Not one but five guest stars this month, as Marc Sumerak delivers the payoff for the last year's worth of flavour-of-the-month stories.
It's not all supervillains and disaster relief for a superhero. Like other celebrities, they get to use their star power to flog their favourite causes. It seems Stark Enterprises runs a charity softball game, and Iron Man has dragooned the other Avengers into taking part. I suppose this is the Avengers equivalent of donating to a co-worker's cancer bike-a-thon or buying their kids' Girl Scout cookies. The Avengers are more graceful about it than I would be.
It's hard in a team book to set up individual characters for new readers, but the softball games allows an opportunity to showcase the key attributes of our heroes: Hulk is strong! Storm can fly! Giant-Girl whines about not having "cute team uniforms"! Sigh.
Having gotten this terribly important business—charity softball, Giant-Girl's shallowness—out of the way, the story begins (on page four) with the five Avengers being kidnapped by a mysterious teleportation ray! Spider-Man, who arrives late because he was on a snack run, informs Cap back at Avengers Tower. Cap's concern at his teammates' disappearance is heightened by the fact that the homing beacon in Iron Man's armour places it somewhere in Earth orbit. Reasoning that rescuing their comrades will require more mojo than Cap and Spidey can muster alone, Cap turns to the Avengers computer to "select the best candidates from this list according to the mission parameters I've entered... In baseball terms, think of it as an expanded roster."
According to the screen, the roster consists of every guest star we've seen in the past year (with the interesting exception of the Black Knight), plus a few we haven't, and whom I don't even recognize. (An official SpiderFan No-Prize to anyone who can identify all the characters on page 6!) Out of these twelve candidates, the computer narrows the lineup for the rescue mission to five: Black Panther; Hawkeye; Black Widow; Quicksilver; and Ant-Man.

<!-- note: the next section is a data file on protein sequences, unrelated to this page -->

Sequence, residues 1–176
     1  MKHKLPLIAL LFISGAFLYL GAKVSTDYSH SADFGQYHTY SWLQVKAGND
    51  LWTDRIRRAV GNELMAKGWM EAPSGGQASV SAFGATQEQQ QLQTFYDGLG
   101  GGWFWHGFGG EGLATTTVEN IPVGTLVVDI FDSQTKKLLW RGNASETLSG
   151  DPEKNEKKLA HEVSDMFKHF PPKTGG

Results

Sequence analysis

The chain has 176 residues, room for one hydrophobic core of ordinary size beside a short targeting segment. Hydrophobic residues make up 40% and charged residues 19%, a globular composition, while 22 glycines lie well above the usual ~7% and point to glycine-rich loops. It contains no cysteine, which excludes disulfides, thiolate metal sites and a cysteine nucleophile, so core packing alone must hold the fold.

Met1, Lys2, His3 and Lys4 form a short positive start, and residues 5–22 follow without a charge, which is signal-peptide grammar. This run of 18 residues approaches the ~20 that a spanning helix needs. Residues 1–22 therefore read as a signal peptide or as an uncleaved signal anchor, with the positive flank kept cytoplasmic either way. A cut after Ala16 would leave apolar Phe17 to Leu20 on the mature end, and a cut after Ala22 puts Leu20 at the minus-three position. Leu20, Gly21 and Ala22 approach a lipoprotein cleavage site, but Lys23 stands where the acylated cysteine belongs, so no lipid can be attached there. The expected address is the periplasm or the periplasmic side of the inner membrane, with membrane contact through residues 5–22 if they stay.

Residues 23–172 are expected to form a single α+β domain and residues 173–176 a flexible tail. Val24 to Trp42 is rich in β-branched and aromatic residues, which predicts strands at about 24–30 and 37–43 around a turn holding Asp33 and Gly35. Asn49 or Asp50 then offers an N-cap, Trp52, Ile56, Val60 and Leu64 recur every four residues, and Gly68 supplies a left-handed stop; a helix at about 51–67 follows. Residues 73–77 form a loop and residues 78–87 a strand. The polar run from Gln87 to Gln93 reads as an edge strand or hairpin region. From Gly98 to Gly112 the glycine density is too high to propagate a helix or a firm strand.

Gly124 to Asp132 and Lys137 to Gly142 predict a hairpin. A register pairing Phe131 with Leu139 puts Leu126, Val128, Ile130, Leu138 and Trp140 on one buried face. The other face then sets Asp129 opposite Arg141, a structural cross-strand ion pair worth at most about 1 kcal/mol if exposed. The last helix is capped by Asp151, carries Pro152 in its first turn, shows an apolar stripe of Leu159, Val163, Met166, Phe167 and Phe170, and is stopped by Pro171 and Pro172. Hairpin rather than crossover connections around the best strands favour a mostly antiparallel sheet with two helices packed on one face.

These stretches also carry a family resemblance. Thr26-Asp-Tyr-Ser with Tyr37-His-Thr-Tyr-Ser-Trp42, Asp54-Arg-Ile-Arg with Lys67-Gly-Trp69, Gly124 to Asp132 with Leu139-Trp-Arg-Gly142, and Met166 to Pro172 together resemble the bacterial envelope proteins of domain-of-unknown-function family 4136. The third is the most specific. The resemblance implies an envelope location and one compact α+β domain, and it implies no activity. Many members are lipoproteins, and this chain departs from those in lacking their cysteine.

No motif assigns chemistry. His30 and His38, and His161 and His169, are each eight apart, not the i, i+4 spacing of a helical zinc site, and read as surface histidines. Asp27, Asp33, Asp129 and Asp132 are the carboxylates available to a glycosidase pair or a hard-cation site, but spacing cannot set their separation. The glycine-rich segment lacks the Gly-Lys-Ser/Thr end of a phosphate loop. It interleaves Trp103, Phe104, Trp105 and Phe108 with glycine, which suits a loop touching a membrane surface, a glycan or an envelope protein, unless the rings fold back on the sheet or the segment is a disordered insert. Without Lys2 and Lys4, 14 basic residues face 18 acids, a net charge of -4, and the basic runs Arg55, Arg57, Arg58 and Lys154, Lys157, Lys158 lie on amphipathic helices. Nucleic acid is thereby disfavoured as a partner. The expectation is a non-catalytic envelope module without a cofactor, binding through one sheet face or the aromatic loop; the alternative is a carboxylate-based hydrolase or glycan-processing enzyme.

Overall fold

Spidey's unimpressed. "The computer must be busted. Those guys [sic; sorry, Black Widow] are all complete loners!" Me, I'm more surprised that Thor isn't on the list. I would have thought that Thor would be a good guy to have your back on any mission. Cap is nonetheless pleased with the computer's assessment, as he knows he can persuade all five to participate. Quicksilver wants to prove himself, Hawkeye wants fame and glory, Black Widow wants a chance to ogle alien tech, Ant-Man is grateful to get out of his lab, and Black Panther wants to score brownie points with his old girlfriend.
Having completed his emotional manipulation... er, persuasion... of his new teammates, the new Avengers (catchy, that) rocket into space aboard a Quinjet, where they discover that their missing colleagues are being held aboard a gigantic, city-block-sized spacecraft. The spacecraft engages the Quinjet, destroying it in a fusillade of thermal missiles, but not before our heroes manage to don space helmets and surreptitiously escape into the void. Seems it was Cap's plan all along to send the Quinjet in as a decoy so his team could spacewalk aboard the larger vessel undetected. Spidey wonders how they're going to get home at the mission's conclusion. We readers wonder that, too.
By the way, the Avengers spacewalk in space helmets, but not space suits; let me say ouch on behalf of Hawkeye's forearms, which are exposed to the absolute-zero temperatures of the vacuum. He doesn't seem to mind, though.